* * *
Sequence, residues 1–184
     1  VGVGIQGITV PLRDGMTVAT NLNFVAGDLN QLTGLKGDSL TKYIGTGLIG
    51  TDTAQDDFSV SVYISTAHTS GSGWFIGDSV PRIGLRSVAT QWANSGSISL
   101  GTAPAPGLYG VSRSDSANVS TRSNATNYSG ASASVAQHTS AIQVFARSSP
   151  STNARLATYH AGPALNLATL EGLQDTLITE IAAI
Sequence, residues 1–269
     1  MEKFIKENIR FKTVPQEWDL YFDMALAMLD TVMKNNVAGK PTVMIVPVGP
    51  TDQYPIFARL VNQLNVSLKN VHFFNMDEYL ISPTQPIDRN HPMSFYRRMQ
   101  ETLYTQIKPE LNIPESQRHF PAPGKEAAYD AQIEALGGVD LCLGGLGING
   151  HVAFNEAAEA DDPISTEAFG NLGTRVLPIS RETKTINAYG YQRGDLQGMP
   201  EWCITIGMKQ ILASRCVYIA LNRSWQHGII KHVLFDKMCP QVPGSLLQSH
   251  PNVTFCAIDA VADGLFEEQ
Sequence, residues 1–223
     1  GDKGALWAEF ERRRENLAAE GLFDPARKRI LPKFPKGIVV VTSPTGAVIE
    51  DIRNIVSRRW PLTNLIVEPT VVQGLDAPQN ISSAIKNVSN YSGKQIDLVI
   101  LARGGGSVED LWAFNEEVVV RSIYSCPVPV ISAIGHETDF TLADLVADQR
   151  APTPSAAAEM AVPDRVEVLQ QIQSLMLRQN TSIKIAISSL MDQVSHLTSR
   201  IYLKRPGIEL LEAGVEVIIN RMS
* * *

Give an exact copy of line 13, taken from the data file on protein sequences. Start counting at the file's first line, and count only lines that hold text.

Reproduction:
Sequence, residues 1–223